Despite the challenges of the pandemic, charitable giving has remained strong in the UK. In their October 2020 UK Giving and COVID-19 special report, the Charitable Aid Foundation found that the proportion of people who donated to charity was broadly in line with previous years, with donors making larger-than-usual donations. This resulted in an increase of nearly £800 million being donated to charity between January and June 2020 when compared to the same period in 2019.
In this article, you will learn about the reasons why someone may want to make charitable gifts from their pension savings, the options available for making a donation to charity in life and after death, and the pension rules governing such payments.
Why gift to charity from a pension?
Although simply giving cash is the most popular way for people to donate to charity, there are many ways to gift tax-efficiently, both during an individual’s lifetime and after death.
Payroll giving allows an individual to have donations to charity deducted from their gross pay. This provides an immediate saving to Income Tax, with the full amount going to the charity.
Alternatively, donations using Gift Aid allow the charity to claim tax relief on cash donations at a rate of 25p for every £1 given. This boost comes at no extra cost to the individual, although they must have paid the same amount or more in tax during that tax year. Those who pay tax above the basic rate can also claim the difference between the rate they pay and the basic rate on the donation.
In addition, all charitable gifts made during a person’s lifetime are exempt from Inheritance Tax. On death, if your client leaves at least 10% of their net estate to charity in their will, any Inheritance Tax that does fall due on the remainder of their estate is charged at a reduced rate of 36%, rather than the usual rate of 40%. The portion gifted to charity is also exempt, so this can be an effective way of reducing the value of an estate for Inheritance Tax purposes.
This is just a flavour of the options available. With so many avenues for donating to charity from non-pension funds already, and the not insignificant tax savings which can be achieved by doing so, you may ask why would someone want to make a donation from their hard-earned retirement pot?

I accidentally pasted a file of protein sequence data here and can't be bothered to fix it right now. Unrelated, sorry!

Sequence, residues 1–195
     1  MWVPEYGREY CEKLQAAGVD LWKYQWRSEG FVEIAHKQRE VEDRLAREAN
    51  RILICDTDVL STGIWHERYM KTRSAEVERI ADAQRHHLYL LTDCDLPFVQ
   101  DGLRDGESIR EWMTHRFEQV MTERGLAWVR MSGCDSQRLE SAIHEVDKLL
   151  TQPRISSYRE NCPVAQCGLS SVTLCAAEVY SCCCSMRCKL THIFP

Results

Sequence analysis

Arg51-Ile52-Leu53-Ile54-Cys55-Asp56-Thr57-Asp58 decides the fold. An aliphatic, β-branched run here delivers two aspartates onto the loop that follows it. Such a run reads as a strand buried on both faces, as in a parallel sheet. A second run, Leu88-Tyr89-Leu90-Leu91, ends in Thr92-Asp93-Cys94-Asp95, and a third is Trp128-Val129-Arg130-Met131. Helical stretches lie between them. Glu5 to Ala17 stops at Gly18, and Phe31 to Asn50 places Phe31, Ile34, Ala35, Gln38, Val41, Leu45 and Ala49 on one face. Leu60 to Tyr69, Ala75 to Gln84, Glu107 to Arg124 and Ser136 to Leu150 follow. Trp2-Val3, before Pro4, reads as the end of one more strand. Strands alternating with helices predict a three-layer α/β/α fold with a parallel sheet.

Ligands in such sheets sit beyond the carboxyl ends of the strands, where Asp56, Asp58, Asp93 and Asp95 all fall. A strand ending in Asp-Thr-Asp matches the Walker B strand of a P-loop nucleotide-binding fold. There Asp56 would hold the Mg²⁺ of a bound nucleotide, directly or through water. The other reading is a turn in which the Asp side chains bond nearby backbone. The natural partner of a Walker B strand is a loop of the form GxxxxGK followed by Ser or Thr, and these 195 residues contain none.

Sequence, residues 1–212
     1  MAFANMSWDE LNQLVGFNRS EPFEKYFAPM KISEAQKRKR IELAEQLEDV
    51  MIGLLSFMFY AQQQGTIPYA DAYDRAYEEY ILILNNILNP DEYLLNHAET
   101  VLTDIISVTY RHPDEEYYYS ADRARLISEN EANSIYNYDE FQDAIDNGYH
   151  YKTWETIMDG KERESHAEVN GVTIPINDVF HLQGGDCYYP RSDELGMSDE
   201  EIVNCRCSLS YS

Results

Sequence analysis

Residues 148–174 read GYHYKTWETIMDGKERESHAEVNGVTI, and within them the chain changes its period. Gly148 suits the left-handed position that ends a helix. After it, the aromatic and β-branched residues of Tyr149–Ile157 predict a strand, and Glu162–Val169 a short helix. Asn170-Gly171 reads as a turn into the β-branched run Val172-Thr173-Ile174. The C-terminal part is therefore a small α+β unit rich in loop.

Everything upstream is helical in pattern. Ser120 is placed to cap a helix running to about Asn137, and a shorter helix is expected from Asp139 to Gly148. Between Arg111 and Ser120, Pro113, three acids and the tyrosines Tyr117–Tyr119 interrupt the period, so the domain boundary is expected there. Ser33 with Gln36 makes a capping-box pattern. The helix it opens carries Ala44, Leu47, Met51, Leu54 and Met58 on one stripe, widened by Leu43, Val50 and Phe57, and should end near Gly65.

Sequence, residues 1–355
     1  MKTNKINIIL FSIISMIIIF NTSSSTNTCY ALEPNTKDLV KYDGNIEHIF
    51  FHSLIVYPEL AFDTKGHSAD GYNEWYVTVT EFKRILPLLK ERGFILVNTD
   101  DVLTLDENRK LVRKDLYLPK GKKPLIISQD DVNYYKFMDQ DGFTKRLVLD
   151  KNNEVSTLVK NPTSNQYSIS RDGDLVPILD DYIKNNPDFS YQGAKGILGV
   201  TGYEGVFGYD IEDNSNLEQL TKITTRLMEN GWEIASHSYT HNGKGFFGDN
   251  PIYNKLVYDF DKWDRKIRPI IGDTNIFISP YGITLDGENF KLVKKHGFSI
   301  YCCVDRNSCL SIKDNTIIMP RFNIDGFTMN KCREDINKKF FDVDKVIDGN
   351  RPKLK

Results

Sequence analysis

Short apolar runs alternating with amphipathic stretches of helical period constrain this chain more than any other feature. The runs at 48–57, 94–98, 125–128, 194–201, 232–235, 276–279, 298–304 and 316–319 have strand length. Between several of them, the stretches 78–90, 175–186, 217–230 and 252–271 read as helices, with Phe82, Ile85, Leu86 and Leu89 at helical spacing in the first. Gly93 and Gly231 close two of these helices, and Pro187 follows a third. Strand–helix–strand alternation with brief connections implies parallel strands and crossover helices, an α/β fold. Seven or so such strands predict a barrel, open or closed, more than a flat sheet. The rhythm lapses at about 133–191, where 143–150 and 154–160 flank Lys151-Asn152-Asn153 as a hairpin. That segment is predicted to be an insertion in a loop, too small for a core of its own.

For many, pension wealth makes up the majority of their household wealth. The Office for National Statistics reported that, for the period April 2016 to March 2018, 42% of total household wealth was made up of private pension savings. Pension money may therefore appeal to scheme members as a seemingly convenient source from which they can support their chosen charitable causes.
The lifetime allowance can also be a concern. The March 2021 budget locked in the lifetime allowance at £1,073,100 until 2026, so an increasing number of people will have pensions that exceed this limit. Pension savings in excess of the lifetime allowance are subject to a lifetime allowance charge, which is applied at a rate of either 25% if the funds are designated to provide an income, or 55% if they are used to pay a lump sum.
There are some options available to those who want to limit the amount of their pension which could fall subject to the lifetime allowance charge. Members can still apply for Fixed or Individual Protection 2016, but not everyone will meet the strict eligibility criteria. For those who have already accessed some of their pension, the withdrawal of drawdown funds can reduce the amount of excess in the scheme to be tested at age 75 under BCE5A. However, withdrawals are subject to Income Tax, and move the money into the member’s estate if it isn’t spent, which could lead to an Inheritance Tax liability.
Gifting assets directly to charity seems like it would be a straightforward solution. It would also be helpful for members who have pension investments which they are unable to sell or transfer, which can limit their ability to transfer their pension or take benefits. Unfortunately, unless there can be certainty that an investment is worthless, under current pensions legislation there is no scope to do this as an authorised payment. If an asset which is gifted away has any value, it would be treated as an unauthorised payment, with significant tax charges for the member.
Nevertheless, despite the limitations of pensions legislation, there are still a few options available to those who are keen to donate part of their pension to charity.
Payroll giving isn’t limited to just salary or wages. Members who are receiving a pension income via PAYE may also be able to make use of payroll giving to make donations to charity.